The owner of a Waxmuseum needs for three of his models stories to be told to the audience. For that reason he has hired a writer, who after one look athe owner's pretty daughter, starts ... See full summary »
For Balduin, going out to beer parties with his fellow students and fighting out disputes at the tip of the sword have lost their charms. He wants to find love; but how would he, a ... See full summary »
Elizza La Porta,
During a dinner, given by a wealthy baron and his wive, attended by four of her suitors in a 19th century German manor, a shadow-player rescues the marriage by giving all the guests a ... See full summary »
A historical view of witchcraft in seven parts and a variety of styles. First, there is a slide-show alternating inter-titles with drawings and paintings to illustrate the behavior of pagan... See full summary »
I caught this restored version of the 1920 German silent classic at Lincoln Center where a new musical score was premiered by the Chamber Music Society. I had never seen the film before and was frankly amazed at the imagery in the sets and costumes and editing of the film. The film's director, Paul Wegener, wearing a thickly padded outfit and wig and high-heeled boots plays the main character, "The Golem". A mythical character from Jewish folklore. For its day, the special effects were also intriguing. I resist describing the movie as anti-semitic but I believe that the portrayal of the jewish ghetto was depicted so dramatically to show that the jews in Prague were outsiders and not welcome in mainstream society. This is evident in the fact that when a nobleman comes to the ghetto, he is greeted by a mammoth closed gate that looks like a precursor to the one used in King-Kong. And most notably, during the creation sequence, a satanic figure appears on screen that would coincide with the European belief a that time that Jews walk hand-in-hand with the Dark forces.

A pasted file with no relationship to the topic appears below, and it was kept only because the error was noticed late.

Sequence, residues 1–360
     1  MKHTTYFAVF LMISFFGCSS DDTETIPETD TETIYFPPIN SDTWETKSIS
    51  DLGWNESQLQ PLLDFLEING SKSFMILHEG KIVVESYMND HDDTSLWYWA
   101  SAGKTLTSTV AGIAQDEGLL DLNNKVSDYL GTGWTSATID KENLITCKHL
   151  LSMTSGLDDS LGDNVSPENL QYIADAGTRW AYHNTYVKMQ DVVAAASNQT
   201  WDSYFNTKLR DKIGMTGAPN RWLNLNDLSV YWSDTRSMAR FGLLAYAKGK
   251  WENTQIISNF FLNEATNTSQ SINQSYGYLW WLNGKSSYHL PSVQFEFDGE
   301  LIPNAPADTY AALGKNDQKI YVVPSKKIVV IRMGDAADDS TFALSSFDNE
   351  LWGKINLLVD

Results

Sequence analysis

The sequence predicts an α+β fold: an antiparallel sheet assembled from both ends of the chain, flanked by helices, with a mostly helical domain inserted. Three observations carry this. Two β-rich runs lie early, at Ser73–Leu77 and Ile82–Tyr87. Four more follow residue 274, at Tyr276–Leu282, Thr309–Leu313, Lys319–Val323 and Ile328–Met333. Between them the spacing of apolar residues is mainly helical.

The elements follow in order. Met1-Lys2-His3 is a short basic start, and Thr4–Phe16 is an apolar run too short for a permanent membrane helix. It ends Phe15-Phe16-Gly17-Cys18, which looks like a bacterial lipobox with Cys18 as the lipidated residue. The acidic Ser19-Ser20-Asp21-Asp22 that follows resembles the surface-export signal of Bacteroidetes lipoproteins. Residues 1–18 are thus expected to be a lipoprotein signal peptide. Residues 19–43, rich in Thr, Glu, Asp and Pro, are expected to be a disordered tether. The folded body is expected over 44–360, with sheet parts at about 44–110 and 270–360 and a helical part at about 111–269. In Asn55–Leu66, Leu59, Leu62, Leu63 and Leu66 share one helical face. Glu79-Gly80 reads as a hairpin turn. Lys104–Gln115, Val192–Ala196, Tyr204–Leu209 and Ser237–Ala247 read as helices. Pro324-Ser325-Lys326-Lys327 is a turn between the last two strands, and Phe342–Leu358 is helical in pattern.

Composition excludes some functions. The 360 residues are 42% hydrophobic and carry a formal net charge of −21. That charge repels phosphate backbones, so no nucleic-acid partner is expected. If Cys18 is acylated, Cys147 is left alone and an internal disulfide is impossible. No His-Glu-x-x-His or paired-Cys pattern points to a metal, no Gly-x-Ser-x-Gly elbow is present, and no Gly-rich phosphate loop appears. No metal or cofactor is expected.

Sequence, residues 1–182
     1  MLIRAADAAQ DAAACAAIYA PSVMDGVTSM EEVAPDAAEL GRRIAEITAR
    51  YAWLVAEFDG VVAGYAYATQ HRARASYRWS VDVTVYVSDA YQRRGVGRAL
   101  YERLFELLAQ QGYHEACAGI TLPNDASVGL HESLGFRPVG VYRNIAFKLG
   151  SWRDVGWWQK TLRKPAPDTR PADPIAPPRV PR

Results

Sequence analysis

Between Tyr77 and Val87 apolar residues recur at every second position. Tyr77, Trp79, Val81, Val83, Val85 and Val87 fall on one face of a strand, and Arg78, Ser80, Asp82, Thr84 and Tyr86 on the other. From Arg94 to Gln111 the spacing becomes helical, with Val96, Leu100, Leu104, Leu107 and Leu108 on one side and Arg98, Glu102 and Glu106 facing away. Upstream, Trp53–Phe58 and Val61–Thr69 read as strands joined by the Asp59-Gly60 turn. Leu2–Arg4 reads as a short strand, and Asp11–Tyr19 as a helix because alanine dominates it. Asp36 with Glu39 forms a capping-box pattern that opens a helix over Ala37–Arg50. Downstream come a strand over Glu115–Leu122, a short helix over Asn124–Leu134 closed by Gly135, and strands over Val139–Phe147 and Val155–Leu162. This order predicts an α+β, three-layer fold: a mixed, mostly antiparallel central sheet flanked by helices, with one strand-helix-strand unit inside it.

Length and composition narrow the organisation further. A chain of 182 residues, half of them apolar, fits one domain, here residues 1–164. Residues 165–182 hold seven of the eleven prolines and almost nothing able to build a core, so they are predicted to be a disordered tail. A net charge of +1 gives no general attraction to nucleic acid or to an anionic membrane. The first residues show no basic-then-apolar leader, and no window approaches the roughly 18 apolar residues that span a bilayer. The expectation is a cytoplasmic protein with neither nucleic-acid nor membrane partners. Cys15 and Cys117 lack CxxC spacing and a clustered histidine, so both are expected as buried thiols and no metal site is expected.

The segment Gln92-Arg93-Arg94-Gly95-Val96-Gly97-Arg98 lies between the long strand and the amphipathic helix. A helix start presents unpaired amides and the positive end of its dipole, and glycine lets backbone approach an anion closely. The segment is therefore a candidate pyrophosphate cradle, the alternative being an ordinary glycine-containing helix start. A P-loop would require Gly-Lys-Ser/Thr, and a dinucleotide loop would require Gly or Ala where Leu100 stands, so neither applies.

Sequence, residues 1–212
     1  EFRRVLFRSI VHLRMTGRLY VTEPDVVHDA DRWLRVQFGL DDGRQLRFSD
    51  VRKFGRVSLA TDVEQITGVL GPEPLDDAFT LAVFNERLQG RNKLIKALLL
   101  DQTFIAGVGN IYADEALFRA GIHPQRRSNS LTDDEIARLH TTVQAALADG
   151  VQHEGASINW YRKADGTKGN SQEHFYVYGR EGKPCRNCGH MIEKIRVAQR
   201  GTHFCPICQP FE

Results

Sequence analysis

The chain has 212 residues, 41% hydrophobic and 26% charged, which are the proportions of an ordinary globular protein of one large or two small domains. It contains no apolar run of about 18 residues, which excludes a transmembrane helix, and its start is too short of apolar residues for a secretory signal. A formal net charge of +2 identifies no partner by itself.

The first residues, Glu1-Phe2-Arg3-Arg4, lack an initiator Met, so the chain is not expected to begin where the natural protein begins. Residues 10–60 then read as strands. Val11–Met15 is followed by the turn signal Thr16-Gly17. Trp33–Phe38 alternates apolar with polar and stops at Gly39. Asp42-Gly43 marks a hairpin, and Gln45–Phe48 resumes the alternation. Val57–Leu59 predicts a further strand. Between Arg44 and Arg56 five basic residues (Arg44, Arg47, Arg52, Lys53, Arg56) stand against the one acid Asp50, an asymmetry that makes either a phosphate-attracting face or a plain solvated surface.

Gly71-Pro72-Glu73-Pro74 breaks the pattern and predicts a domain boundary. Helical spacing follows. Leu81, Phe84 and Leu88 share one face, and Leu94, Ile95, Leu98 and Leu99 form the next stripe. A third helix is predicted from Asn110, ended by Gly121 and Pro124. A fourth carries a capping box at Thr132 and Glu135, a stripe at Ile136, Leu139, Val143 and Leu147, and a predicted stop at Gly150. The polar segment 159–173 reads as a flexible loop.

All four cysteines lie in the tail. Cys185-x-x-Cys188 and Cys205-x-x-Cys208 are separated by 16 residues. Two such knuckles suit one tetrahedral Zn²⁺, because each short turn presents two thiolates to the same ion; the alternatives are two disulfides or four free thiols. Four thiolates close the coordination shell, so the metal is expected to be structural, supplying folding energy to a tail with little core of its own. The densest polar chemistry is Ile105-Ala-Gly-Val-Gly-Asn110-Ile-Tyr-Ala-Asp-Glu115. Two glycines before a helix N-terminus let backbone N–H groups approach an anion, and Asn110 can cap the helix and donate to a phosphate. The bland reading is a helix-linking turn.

As far as the Golem's performance- this film is really a precursor to "Frankenstein" that Boris Karloff must have seen in its original release - there are so many similarites.
Biggest Image - at the conclusion, the Golem is surrounded by a group of "blond" Aryan-looking children that clearly distinguish them from the ghetto children that we see earlier in the film.
23 of 25 people found this review helpful.
Was this review helpful to you?